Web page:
“China is planning a vast increase in its use of wind and solar power over the next decade and believes” it can achieve 20 percent renewable power by 2020,” even as the U.S. renewable standard in clean energy legislation has been whittled down to less than 15 percent by 2020.
The New York Times reports that “cows at 15 farms across Vermont have had their grain feed adjusted to include more plants” instead of corn and soy, reducing their enteric methane emissions (burps) by 18 percent, without any loss in milk production.
“President Obama may attend world climate talks in Copenhagen this December, marking the first visit to the annual U.N. conference by a sitting U.S. president since George H.W. Bush’s 1992 trip to Rio de Janeiro,” according to House Majority Leader Steny Hoyer (D-MD).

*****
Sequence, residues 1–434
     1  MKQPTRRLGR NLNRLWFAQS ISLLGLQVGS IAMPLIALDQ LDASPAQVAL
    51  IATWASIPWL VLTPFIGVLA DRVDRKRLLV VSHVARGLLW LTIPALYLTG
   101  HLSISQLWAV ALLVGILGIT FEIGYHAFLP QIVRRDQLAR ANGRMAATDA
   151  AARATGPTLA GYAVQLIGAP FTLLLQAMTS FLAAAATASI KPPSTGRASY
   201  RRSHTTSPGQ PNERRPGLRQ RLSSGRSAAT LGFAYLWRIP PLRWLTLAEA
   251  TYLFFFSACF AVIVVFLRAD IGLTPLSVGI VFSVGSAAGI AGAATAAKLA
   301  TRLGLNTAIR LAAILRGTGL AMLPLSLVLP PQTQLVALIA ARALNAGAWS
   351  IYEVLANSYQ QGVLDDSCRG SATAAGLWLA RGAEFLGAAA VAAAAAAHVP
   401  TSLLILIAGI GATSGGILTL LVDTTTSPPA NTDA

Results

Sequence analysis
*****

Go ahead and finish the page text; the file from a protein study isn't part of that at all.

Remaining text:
The Washington Post finds that “corporate lobbyists have won billions of dollars of subsidies in the Waxman-Markey green economy legislation, including $500 billion for electric utilities and $12 billion for the auto industry.
Putting the Waxman-Markey climate and energy bill “on a fast-track” for passage, House Speaker Nancy Pelosi “issued an ultimatum to her committee chairmen: move climate change legislation by June 19 or risk losing jurisdiction over the bill.”
“Stephen Ward, chief of staff for Senate Energy Committee Chairman Jeff Bingaman, D-N.M, said Wednesday that lawmakers fear a ratepayer backlash” if carbon pollution is capped, telling “a room full of alternative-energy financiers at the Lazard Capital Markets Alternative Energy Investor Summit” that he foresees “a more modest bill” than Waxman-Markey coming from the Senate.
Researchers have discovered that the Phragmites “super weed” emits toxic chemicals to kill competitors, and “the poison becomes even more toxic” because of global warming’s effect on ultraviolet radiation.